I like SkyDrive as a means to store and enable cooperation over Office documents. It’s really great for that, but the wrong choices made over the SkyDrive app made me choose a different option for cloud storage. Shame, really, as Microsoft could have done much better.

Security Tools

I have used software firewalls since I first connected my personal computers to the internet, back when the access was still done at 56Kbit/s. Even though my home computers run behind a hardware firewall, I find the protection offered by HIPS rather comforting. For the last 3 years or so, my HIPS of choice has been Emsisoft’s Online Armor. As HIPS go, you can’t fare much better than with OA, even if it can be a bit annoying, both immediately after installation and when installing software, but that is nothing that cannot be easily solved with its own learning mode. Emsisotf’s also produces a top of the line anti-malware product, Emsisoft Anti-Malware. The combination of EAM and OA provide multiple layers of protection, without putting any noticeable overall in the normal running of my computers, and so I find this a very good combination to run. I also use Malwarebytes Antimalware Free, on demand, for regular scans.

Communication, IM and Social Networking Tools

I don’t use IM much, but the only tool I use infrequently is Google Talk. Other than that, I use Skype for voice and video chat, and the free for personal TeamViewer, when I need to help someone or for a quick chat. My favorite Twitter client is MetroTwit, of which I use the desktop version only.

Other Tools

I still use Winzip as my main zip compression tool and use the Outlook add-in Winzip Courier to have email attachments automatically compressed. Another Outlook add-in that I find invaluable is Xobni – it’s much better than using the native windows search and it will index all my .pst files. One handy tool I became aware of through LogMeIn’s support is UnLockIT Free. It’s very useful to check what apps, if any, are locking a file or folder and unlock it.

This covers most my tools. I will probably update this post as I go along and other useful tools come to mind.


Dec 14

Rising and Dying Clouds

This week saw the official announcement of the death of a tool that I have used extensively since its launch – Windows Live Mesh. In an email sent to the remaining Live Mesh users, Microsoft stated that “it makes sense to merge SkyDrive and Mesh into a single product for anytime and anywhere access to files”, so Live Mesh will be retired on February 13, 2013.

Ever since Live Mesh was initially released, Microsoft has been steadily improving its cloud offerings. One of those that I now use regularly is the Team Foundation service, available on TFS is an Application Lifecycle Management (ALM) service, meant for developers. Of course, there is also Office365, soon to become a lot more used, even by regular users, with the upcoming release of Office 2013 and its new subscription based purchasing model. SkyDrive, however, is the most relevant piece of Microsoft’s cloud strategy, in what regular users are concerned.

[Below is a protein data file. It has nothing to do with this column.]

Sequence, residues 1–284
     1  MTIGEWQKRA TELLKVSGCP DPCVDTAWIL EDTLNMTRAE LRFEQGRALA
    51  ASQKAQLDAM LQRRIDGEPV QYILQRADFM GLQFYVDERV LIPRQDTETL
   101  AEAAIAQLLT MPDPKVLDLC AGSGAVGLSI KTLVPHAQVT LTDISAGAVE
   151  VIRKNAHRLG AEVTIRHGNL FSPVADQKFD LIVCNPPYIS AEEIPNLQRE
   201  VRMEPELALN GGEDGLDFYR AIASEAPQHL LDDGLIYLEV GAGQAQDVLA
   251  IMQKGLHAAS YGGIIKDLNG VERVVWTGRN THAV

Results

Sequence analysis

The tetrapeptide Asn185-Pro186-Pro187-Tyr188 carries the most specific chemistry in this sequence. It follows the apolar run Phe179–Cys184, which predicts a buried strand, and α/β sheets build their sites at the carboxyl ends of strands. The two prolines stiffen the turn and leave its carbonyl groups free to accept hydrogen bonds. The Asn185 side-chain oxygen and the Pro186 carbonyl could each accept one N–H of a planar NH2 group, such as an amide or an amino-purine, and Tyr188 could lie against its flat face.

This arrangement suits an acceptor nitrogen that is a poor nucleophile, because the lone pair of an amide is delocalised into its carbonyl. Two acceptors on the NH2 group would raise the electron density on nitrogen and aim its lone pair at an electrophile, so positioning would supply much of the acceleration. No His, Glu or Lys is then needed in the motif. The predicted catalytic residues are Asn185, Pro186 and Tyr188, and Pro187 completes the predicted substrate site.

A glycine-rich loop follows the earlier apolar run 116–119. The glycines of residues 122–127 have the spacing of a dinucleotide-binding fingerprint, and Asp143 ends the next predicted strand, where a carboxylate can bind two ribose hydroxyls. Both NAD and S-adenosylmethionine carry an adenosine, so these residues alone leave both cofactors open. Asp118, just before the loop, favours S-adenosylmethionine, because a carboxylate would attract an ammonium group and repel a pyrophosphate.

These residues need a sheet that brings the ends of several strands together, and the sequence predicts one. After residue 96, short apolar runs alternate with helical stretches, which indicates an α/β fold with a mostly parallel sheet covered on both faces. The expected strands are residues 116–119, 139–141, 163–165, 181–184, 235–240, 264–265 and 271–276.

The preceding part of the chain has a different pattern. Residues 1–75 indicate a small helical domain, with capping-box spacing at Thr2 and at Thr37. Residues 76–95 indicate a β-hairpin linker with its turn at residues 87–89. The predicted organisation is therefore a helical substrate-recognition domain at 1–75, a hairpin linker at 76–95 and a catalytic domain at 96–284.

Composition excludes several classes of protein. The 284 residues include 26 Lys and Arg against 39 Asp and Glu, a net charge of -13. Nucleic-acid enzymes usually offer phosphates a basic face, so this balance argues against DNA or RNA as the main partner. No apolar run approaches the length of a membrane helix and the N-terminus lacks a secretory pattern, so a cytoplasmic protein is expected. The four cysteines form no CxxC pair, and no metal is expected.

SkyDrive was revamped a few months ago and although the free storage offered was reduced to just 7 GB (for new users, as older users who took advantage of a timed offer can have 25 GB free), tiered, paid storage additional options are now available. One of the problems with SkyDrive was the difficulty to access it from a computer or other computing devices, other than from a browser, that is. The first sign of change in this area, was the excellent Windows Phone software, that integrated SkyDrive very well, allowing seamless access to photos, Office and other documents stored on SkyDrive. This easy access to SkyDrive was “ported” to Windows 8 where, like in Windows Phone 7.x and now Windows Phone 8, a Microsoft account can be used. Office 2013 takes good advantage of this easier access. While until now, OneNote was the single Office app that could easily use SkyDrive as the place to store, share and work cooperatively on OneNote documents, with Office 2013, the same ability to work cooperatively on documents stored on SkyDrive was extended to Word, Excel and Powerpoint. This new Office 2013 SkyDrive integration is really good and will make the cooperative work on Office documents a lot easier – at work, we have started to use it extensively, with great satisfaction and success.